To tame my own mind with an army of / the forces of compassion, kindness, love:

This is the way a bodhisattva trains.

verse 20 audio above

21. To abandon attachment right away / How to use objects of desire on the path

Sense plea-sures and de-sire are like salt wa-ter: / The more I drink them in, the more I crave.

There-fore, the mo-ment that at-tach-ment stirs / To drop it right a-way with-out a pause:

This is the way a bodhisattva trains.

verse 21 audio above

Verses 20 and 21 are the final practices of bodhisattva boot camp, where we have learned how to bring specific situations that challenge our bodhicitta directly onto the path of practice. We’re going to study these two verses as a pair, because they are two sides of the same coin: how to tame our mind in the face of feeling anger and feeling desire. They are also a bridge to the next set of verses. You may recognize aggression/anger and attachment/desire as two of the three root mental poisons. The third, and most primal, poison — ignorance, aka obliviousness to our true nature — is the topic of verses 22-24, on cultivating ultimate bodhicitta.

Silent pop quiz /contemplation: What is the most basic principle of mind training, i.e., of bodhicitta, in two words? How does it apply to verses 20 and 21?

Hint: I’ve shared this principle several times as expressed by Lama Karma Samten of New Zealand, who taught mind training at PTC in 2016. The answer is here, in the first post on verse 11.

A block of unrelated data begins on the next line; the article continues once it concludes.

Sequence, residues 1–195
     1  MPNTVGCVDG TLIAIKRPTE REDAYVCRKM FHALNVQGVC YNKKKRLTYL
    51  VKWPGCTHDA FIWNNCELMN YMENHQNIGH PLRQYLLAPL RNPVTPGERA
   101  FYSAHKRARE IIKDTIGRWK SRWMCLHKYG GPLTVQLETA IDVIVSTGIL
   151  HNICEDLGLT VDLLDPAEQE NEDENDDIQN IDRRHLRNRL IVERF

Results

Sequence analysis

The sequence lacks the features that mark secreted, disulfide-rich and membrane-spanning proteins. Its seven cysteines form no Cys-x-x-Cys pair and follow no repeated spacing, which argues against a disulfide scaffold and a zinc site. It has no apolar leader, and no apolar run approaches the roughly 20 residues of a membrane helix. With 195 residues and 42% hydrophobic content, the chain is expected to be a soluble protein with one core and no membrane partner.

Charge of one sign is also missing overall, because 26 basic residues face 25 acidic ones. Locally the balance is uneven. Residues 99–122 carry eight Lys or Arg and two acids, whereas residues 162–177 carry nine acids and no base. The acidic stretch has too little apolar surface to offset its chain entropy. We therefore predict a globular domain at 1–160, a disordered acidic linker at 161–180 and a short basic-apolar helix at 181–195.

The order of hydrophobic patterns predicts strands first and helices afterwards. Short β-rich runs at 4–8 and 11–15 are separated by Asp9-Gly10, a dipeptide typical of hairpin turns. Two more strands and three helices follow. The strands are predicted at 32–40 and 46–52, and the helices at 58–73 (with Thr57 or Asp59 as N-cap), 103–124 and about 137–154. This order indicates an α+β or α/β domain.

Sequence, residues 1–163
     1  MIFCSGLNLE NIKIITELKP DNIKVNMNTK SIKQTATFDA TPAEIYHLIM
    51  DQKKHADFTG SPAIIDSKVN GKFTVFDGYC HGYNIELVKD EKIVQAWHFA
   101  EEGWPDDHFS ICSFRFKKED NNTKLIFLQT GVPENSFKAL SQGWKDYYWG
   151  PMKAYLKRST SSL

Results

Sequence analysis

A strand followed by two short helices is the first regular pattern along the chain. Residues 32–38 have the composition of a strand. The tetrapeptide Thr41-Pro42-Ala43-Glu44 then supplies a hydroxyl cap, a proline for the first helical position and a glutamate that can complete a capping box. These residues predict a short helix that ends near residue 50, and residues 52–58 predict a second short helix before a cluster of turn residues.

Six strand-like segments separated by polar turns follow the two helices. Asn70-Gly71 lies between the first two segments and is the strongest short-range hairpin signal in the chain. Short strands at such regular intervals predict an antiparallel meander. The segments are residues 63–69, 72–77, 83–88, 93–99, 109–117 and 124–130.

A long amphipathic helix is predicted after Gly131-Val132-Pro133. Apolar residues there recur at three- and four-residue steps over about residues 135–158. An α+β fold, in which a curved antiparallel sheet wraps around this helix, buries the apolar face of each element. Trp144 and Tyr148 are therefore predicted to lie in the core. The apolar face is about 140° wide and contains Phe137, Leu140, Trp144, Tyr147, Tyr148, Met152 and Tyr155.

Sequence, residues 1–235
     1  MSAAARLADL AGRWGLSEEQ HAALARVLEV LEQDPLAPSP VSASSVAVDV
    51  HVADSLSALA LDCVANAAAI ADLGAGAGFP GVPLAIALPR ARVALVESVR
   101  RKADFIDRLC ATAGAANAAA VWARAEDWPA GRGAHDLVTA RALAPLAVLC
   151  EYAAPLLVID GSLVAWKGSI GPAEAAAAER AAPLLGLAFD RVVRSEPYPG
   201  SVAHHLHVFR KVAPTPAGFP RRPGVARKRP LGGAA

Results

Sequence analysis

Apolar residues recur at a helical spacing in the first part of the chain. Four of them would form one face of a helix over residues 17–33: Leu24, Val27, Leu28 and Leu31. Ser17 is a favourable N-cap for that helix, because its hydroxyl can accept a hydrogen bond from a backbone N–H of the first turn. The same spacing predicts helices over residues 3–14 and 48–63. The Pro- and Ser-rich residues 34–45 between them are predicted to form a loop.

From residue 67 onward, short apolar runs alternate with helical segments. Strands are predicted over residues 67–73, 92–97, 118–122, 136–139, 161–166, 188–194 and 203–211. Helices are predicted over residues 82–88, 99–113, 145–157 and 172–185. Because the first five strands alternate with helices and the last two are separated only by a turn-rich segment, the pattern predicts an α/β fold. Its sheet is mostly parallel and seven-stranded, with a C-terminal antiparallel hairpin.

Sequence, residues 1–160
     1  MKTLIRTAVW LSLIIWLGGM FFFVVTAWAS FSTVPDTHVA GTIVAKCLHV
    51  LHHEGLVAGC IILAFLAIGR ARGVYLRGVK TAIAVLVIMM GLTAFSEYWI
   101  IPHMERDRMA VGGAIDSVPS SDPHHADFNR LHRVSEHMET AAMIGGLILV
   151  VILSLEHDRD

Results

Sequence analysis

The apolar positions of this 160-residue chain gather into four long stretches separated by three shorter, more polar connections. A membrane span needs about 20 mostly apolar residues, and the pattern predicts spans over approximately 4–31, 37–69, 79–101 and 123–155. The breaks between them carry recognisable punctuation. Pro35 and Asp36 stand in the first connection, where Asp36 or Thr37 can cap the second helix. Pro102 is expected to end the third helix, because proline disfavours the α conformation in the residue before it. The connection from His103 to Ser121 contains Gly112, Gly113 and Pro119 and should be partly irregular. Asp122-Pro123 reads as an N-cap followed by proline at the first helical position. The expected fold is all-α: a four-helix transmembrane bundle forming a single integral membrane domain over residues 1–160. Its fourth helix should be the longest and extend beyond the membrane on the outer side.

More to come, as we resume class Thursday after a break for the flu.

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37 practices: verse 2

2. To leave my homeland

While those I love can stir up a tsunami, / And those I hate can burn me up like fire,

When I don’t care I lose my moral compass / And dark delusion permeates my mind.

To give up all my habits and reactions — This homeland where I’ve dwelt from life to life:

This is the way a bodhisattva trains.

Verse 2 chanted 3x.

Verses 1 and 2 chanted 1x.

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Some Buddhist ways to work with emotional overwhelm

The Buddha taught that disturbing emotions, such as anger, fear, jealousy, and attachment, are not to be denied or suppressed but recognized, felt, owned, and thoroughly processed. That process can take time and needs to be respected, but in the meantime, we can do significant harm to ourselves and others if we let strong emotions, especially anger in all its forms, govern our words and actions. Learning to see beyond a disturbing emotion, even in the midst of feeling it, allows us to act effectively, with clear focus and constructive compassion, and without collateral damage.

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Compassion versus Wisdom

OK, the title is a trick–as we know, compassion and wisdom are complementary, and in the end of course there is no difference between them at all. Buddhahood, enlightenment, full awakening is the ultimate development of both, and they are ultimately undifferentiable, like any qualities we may ascribe to the nature of mind for the purpose of discussing it. Buddhahood is sometimes likened to a bird with two wings–both wings have to function fully for flight to take place.

I hear a lot about the importance of engaged Buddhism, putting compassion into action, not thinking it is enough to sit on our cushion or chair and meditate. Sometimes there seems even to be an implication that sitting on the cushion is indulgent compared with being up and about to help others in active ways. Why waste time in solitude when so many are suffering?

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Lather, rinse, repeat

“Mind is empty. You can change your thoughts.”  –Lama Norlha Rinpoche

We are taught in the Seven Points of Mind Training, “Be grateful to everyone,” and “Rely all the time on a joyful mind.” How can we put this into practice when all around us things are constantly going wrong and people continue to behave in ways that disregard or harm us?